Untourist of the Week: Pam Nesbit

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About the picture, Pam says: ” The picture is taken on The Sacred Way in Athens.  I was pretty thrilled to be on the Sacred Way having read about Greece for years, so I was doing a little “Sacred Way” dance and my husband got hold of the camera…”

1.    Tell us a little bit about your most recent Untour.

I studied in Spain when I was in college in the sixties and I had not been back since the seventies.  I wanted to show Spain to my husband and see the changes that had taken place since then.  We flew into Madrid and spent five days there visiting museums, strolling in the Retiro and revisiting places I had been.  We stayed at the Suite Prado – a very comfortable, well-situated hotel.  

We took the train to Cordoba, picked up our car and drove to Priego de Cordoba where we stayed for two weeks on our Spain Untour.  Our apartment in La Posada Real was very comfortable and Juan was always on hand to help.  Cordoba and Granada were an hour away on the excellent road system, so we visited there more than once.  But mostly we hung around Priego, which is a beautiful little town.  We went for walks on the Green Way and wandered around the little villages of the Subbetica.  On our first weekend in Priego there was a Medieval Market.  Little shops were set up around the square selling fresh local cheese, bread and crafts of all kinds.   There was even a falconer!  

We were there during May, which is the month in which the Virgin Mary is honored.  On our second Sunday, the huge statue of Our Lady of Charity was paraded through the town to the cheers of the local people.  It was lit with candles and carried by about thirty young men and followed by a small marching band.  The only disappointment was that it rained a great deal during our visit, so we did not go to Sevilla as we had planned.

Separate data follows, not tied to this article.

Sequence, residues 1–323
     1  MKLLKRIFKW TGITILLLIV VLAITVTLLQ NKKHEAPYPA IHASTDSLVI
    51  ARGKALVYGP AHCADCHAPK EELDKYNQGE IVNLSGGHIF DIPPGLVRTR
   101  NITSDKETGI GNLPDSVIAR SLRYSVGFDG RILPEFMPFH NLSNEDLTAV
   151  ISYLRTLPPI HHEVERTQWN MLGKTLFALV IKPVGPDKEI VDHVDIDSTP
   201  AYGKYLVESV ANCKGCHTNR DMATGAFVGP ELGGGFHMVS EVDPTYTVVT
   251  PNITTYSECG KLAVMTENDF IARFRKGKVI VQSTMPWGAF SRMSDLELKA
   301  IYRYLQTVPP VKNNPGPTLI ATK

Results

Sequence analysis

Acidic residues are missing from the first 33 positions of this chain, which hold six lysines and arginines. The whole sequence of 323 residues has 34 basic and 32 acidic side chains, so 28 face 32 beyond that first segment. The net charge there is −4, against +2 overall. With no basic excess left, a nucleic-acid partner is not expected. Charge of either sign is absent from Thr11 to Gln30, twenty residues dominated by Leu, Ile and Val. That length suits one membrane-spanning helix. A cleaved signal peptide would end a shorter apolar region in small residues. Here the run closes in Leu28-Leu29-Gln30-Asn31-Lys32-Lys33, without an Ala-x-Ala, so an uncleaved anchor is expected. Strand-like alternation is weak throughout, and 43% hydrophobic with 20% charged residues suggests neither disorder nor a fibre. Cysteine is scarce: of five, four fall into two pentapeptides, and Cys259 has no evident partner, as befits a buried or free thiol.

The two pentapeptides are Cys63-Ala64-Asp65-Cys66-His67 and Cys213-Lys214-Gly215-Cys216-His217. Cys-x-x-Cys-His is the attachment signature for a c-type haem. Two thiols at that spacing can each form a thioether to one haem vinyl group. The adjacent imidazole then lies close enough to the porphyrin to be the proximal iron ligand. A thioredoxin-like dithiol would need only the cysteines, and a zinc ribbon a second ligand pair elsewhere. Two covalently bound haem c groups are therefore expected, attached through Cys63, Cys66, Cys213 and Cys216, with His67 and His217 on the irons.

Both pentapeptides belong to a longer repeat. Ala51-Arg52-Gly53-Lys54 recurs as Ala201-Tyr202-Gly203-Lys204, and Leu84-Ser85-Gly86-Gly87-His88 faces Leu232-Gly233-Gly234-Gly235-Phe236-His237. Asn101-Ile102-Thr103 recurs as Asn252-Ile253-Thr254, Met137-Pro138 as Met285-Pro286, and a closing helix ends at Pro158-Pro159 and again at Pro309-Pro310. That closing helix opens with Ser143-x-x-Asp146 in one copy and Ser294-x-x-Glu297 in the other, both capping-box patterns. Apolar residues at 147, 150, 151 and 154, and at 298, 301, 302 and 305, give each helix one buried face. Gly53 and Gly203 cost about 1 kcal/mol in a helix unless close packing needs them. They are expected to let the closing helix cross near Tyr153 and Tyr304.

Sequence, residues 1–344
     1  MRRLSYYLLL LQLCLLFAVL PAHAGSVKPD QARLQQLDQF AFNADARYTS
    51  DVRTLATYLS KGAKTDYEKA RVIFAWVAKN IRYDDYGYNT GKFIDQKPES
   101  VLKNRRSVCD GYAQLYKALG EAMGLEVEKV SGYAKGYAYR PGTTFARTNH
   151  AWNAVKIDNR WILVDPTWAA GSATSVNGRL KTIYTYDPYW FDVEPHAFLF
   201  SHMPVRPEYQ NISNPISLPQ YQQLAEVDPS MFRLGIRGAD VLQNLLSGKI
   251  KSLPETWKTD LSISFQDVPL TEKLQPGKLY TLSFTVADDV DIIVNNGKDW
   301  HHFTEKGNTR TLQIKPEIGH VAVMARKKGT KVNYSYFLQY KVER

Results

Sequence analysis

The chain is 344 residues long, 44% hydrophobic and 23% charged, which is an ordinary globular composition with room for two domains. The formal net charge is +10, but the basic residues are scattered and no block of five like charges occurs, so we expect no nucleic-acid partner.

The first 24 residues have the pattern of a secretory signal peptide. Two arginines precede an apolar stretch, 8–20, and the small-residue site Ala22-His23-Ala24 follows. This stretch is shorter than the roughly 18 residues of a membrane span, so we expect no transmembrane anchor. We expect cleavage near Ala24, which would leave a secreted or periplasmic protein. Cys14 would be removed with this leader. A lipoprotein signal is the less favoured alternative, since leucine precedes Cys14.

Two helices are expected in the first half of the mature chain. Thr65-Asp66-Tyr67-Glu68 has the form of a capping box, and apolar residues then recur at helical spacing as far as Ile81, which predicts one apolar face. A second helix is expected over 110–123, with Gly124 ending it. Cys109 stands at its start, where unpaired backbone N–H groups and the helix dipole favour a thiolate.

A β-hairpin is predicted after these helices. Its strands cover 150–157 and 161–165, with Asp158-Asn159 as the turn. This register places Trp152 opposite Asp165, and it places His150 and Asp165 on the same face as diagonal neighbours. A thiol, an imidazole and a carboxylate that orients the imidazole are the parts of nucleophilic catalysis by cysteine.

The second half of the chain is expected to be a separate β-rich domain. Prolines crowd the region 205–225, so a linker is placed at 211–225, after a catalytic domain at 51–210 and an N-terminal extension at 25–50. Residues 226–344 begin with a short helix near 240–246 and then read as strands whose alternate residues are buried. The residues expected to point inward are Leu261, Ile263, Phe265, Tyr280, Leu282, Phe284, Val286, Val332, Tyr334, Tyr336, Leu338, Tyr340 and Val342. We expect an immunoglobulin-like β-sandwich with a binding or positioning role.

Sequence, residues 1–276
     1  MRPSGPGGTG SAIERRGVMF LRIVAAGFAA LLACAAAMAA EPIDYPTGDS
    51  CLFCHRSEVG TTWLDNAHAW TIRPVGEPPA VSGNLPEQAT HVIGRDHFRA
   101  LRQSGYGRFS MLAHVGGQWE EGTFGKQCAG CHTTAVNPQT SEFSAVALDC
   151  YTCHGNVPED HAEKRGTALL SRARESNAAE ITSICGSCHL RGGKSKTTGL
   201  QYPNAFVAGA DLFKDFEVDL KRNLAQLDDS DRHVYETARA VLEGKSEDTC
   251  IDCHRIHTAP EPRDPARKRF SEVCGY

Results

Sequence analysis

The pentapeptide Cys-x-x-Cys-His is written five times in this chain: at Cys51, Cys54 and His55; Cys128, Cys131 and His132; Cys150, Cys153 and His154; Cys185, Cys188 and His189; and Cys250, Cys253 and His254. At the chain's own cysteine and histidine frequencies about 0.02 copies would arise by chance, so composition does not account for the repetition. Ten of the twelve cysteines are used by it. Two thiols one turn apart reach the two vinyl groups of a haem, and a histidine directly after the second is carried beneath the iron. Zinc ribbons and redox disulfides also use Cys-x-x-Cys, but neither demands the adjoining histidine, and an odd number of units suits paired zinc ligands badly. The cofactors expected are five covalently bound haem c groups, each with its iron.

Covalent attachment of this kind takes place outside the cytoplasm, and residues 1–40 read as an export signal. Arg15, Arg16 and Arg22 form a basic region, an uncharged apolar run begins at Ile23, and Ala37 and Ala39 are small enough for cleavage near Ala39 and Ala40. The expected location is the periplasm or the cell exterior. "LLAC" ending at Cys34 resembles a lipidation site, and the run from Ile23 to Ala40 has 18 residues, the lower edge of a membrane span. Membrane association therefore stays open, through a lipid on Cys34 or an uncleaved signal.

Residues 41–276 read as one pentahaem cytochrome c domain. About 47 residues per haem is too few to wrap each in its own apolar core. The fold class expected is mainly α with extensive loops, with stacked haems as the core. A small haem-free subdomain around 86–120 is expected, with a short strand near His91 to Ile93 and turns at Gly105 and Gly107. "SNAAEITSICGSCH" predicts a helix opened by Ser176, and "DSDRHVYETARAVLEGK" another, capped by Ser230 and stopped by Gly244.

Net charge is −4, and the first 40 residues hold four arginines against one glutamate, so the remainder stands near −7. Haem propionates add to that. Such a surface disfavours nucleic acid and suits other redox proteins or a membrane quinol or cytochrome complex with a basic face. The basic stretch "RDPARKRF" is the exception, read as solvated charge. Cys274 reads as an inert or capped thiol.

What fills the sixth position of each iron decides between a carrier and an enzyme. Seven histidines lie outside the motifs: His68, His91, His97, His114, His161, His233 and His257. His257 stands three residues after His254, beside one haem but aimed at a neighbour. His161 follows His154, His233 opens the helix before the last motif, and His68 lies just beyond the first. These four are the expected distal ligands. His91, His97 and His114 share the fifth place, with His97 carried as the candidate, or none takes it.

2.    What is your favorite Untours memory?

The second time we visited Granada we wandered around the Albaicin.  As we came up to the Plaza St. Nicolas there was a group of men standing by the cross and singing “cante jondo”.[Editor’s note: Cante jondo is a vocal style in flamenco and an unspoiled form of Andalusian folk music.  The name means deep song.}  A woman from the audience started dancing and others joined in.  All this as we looked over one of the most spectacular vistas in the world.

3.    How is taking an Untour different from other ways of traveling?

Untours are flexible.  If you want help, there is someone there to provide it.  If you want to do your own thing, that’s fine too.  Having an apartment means that you don’t have to go to a restaurant for every meal, which gets old very fast.  It also requires you to shop – to find where the best local food is and to learn how to cook it.  It connects you to the life of the community.  Regular tours feel like traveling in a bubble in which you only interact with the other people on the tour.  An Untour provides the support you need to actually live in a new place for a while.

4.    If you could describe an Untour in just 3 words, what would they be?

Flexible, Supportive, Independent

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